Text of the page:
However, the Dallas game also put on notice that the offensive depth has made for an improvement in his performance. Odell Beckham Jr., Jarvis Landry, and tight end Austin Hooper were all targeted more than five times. This versatility, after contributing to the consistent movement of the ball, will hopefully help the offense maintain its pre-Chubb injury numbers. On the other hand, removing a big component of their game might slow them down to a certain extent.
Still, the offense promises to be prolific rather than inconsistent. In addition to the aforementioned points, Jack Conklin‘s signing has also paid dividends. The Browns offensive line is now one of the best, allowing just six sacks over four games.
The defense has an area of need
In contrast with the level of the offensive unit, the defense could pose problems to the Chubb-less Cleveland Browns. Even while winning three straight, their defense has taken a hit statistically. Last season, the team allowed the 20th-fewest total points. Thus far, they’re down to 27th. The same trend applies to their figures for total yards surrendered.
Upon a deeper look, there are actually many dividends. In fact, there are more upsides than problems with the Browns defense. Instead, they have been ripped apart through the air, not by just good air raids. Even bad or unproven passing units, as is the case with the Bengals, have put up 300-plus. Against the Browns, a big chunk of Dak Prescott‘s 566 passing yards was with the Cowboys behind by multiple touchdowns. Yet, this should be viewed as a problem that could slow down the Browns defense. It did during their visit to the Dallas-Fort Worth area – these mistakes are unaffordable with the high-scoring offense potentially slowing down.
The group’s top corner – Terrance Mitchell – has enjoyed a fairly poor start to the campaign. He has conceded 25 of 40 passes with him in coverage. In addition, he has allowed a passer rating of 104.0. The same goes for safety Andrew Sendejo. Denzel Ward and Karl Joseph, in the meantime, have got off to a great start. There are no more than a few holes in the Browns secondary but their ceiling isn’t much higher than the bottom part of the top 16 in passing defense rankings.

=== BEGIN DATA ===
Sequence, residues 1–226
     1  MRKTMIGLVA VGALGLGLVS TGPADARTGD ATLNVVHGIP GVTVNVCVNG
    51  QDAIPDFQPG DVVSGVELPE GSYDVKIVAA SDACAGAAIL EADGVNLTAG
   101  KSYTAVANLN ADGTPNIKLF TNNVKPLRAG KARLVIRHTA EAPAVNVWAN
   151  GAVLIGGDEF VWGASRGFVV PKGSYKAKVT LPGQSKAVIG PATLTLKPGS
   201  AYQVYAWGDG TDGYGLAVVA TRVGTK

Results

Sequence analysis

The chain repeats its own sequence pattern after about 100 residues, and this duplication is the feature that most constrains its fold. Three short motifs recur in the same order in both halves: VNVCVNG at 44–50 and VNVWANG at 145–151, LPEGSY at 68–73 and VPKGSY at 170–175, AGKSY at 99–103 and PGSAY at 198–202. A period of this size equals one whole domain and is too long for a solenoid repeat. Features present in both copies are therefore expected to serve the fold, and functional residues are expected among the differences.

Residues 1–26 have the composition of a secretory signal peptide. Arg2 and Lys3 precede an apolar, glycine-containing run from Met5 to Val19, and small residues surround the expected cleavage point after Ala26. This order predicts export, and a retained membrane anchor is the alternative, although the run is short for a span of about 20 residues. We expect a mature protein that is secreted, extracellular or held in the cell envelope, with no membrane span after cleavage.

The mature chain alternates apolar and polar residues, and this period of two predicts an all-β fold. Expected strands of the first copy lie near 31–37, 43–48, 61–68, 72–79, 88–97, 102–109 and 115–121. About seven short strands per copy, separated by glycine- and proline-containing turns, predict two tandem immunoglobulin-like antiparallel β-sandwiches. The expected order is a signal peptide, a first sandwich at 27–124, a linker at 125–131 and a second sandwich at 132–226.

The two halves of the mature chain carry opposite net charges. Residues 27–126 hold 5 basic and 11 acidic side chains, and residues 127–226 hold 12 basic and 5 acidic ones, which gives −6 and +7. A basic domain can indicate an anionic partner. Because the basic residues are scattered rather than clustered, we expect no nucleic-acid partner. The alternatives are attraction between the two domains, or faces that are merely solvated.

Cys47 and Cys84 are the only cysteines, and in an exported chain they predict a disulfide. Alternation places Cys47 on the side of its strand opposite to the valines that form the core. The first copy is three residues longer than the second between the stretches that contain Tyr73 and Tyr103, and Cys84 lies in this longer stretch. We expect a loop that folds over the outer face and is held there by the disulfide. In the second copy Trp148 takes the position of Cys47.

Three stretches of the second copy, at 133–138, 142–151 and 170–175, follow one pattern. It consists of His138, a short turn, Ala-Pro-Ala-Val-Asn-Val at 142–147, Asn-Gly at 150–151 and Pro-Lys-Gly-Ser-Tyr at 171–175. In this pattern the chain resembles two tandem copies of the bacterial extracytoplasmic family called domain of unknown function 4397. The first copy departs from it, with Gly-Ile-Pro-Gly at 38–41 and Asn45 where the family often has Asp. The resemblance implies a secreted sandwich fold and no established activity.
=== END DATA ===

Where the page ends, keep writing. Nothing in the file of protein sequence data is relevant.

The other two major categories – pass-rush and defense against the run – have enjoyed some major success. Cleveland’s 11 sacks rank them ninth league-wide, alongside Arizona. The front line’s 3.9 allowed yards per rush attempt establish them as the league’s eighth-best defense against the run.
Where are the Browns headed to?
The Browns, finally, look like they are ready to provide a result-wise turnout that matches the talent in the roster.
However, their recent offensive success might not be sustainable without the dominance of their running faction. Instead, Baker Mayfield has to prove himself with a deep core of pass-catchers.
The defense has also impressed in some areas, with the exception of a mildly disappointing secondary. This department is unlikely to make major improvements. Cleveland has one of the easiest schedules remaining so all eyes are on the team’s quarterback until Nick Chubb is healthy, and on the defense to at least maintain its mild success.